Anthropologists study economic practices as integrated features of specific societies, comparatively, and as a set of historical, often diffusionary, patterns of thought, power, and organization for production, distribution, exchange, and consumption. Their foundational concerns have shifted from the description and interpretation of reciprocity and redistribution and the technological and social capacities for sustaining livelihood in small-scale and nonmarket societies to the analysis of the wide variety of articulations with and transitions of nonindustrial societies to participation in worldwide economic formations. Increasingly, economic anthropologists are studying phenomena of direct concern to other economists and social scientists, such as the internal activities of transnational corporations, global financial markets, and the sustainability of contemporary economic systems.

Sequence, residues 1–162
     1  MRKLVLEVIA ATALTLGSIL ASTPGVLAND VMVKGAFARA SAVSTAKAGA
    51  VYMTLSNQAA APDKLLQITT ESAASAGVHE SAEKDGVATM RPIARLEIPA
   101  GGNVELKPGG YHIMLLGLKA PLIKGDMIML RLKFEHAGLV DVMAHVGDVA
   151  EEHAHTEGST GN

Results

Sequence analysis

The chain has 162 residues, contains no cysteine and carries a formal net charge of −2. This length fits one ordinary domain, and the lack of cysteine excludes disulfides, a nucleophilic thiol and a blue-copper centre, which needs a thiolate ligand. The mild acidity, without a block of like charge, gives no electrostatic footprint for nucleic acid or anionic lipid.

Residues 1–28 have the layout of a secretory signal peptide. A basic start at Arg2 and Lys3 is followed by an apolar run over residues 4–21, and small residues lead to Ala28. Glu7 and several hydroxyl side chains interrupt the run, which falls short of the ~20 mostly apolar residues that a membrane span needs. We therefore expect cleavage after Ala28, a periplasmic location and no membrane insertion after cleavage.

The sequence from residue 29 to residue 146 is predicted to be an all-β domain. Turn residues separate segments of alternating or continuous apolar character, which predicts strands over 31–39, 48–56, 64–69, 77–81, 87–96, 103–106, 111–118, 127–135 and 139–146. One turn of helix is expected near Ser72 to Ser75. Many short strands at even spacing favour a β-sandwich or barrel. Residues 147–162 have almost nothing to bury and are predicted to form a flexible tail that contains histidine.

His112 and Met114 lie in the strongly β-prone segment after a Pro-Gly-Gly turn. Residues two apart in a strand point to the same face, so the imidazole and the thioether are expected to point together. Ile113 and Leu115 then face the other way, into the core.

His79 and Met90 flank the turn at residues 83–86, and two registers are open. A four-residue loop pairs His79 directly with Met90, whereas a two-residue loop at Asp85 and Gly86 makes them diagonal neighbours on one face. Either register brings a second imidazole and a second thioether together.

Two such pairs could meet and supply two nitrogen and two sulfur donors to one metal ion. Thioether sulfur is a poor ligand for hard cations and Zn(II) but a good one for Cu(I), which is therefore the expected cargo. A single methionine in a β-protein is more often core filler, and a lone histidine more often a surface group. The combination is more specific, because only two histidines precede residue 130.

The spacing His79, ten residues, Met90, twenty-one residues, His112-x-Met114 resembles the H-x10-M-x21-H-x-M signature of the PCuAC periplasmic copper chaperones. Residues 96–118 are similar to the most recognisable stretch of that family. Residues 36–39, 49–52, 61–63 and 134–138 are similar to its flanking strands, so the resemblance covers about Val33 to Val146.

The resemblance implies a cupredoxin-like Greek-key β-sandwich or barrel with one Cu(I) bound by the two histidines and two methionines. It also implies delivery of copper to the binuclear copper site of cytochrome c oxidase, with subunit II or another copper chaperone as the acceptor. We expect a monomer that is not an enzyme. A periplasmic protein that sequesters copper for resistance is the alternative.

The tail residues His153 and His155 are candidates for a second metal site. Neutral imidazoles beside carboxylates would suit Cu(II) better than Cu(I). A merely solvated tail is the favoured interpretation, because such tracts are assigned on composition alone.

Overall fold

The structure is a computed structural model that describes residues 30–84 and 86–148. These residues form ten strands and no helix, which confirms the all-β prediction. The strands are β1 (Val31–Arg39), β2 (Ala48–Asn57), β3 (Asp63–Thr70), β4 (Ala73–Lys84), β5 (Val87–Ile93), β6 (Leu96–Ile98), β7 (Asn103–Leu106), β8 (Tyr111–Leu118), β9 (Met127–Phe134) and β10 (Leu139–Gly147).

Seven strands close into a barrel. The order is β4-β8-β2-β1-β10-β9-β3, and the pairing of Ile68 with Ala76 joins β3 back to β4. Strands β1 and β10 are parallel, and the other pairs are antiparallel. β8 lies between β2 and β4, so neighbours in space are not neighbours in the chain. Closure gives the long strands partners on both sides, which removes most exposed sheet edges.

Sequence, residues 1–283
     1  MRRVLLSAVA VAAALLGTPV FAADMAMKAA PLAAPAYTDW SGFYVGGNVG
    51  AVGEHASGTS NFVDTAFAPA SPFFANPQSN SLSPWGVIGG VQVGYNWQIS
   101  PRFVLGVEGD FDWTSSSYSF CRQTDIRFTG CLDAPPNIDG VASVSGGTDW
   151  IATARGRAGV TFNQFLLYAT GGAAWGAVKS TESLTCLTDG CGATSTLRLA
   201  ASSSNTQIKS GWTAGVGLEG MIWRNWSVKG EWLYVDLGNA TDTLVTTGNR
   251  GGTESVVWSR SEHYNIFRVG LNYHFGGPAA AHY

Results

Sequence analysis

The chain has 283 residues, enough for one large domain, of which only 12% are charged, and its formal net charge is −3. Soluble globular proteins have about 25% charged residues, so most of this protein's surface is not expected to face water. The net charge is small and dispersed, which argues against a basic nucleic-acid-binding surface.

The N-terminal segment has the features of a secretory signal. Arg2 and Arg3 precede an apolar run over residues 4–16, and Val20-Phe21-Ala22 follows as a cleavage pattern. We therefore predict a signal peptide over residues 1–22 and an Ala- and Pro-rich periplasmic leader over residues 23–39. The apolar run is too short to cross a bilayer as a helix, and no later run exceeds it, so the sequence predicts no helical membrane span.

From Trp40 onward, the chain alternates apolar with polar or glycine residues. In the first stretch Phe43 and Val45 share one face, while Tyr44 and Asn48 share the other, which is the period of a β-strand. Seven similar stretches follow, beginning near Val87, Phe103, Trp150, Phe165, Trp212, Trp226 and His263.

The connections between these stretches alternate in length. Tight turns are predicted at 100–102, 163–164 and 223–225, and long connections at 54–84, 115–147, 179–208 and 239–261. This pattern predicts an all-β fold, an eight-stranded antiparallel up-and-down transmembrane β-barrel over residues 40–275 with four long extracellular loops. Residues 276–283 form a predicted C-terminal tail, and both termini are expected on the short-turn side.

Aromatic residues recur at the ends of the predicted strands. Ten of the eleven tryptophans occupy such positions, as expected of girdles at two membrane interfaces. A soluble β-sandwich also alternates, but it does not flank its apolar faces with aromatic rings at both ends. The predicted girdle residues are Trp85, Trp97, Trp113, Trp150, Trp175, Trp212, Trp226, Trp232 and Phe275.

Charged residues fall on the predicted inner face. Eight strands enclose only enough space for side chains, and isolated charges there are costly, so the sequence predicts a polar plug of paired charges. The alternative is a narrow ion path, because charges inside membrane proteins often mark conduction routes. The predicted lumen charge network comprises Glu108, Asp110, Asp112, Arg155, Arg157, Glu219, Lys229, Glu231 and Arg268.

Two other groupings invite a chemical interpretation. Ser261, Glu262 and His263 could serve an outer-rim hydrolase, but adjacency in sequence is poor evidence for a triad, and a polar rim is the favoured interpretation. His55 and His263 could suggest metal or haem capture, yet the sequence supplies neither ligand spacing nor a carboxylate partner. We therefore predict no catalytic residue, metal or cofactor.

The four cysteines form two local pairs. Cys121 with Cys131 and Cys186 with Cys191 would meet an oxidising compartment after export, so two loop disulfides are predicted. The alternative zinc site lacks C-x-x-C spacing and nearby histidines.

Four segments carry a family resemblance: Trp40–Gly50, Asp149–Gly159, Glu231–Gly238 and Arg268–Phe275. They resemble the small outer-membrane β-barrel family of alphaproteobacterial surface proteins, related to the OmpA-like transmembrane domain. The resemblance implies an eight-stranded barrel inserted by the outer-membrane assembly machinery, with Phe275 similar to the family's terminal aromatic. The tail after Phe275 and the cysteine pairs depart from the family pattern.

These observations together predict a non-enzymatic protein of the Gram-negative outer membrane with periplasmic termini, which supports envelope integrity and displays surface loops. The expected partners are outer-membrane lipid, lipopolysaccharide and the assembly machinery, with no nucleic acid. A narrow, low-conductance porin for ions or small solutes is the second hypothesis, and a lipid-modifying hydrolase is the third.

Applbaum, K. (2015). Economic Anthropology. In International Encyclopedia of the Social & Behavioral Sciences: Second Edition (pp. 12–20). Elsevier Inc. https://doi.org/10.1016/B978-0-08-097086-8.12058-6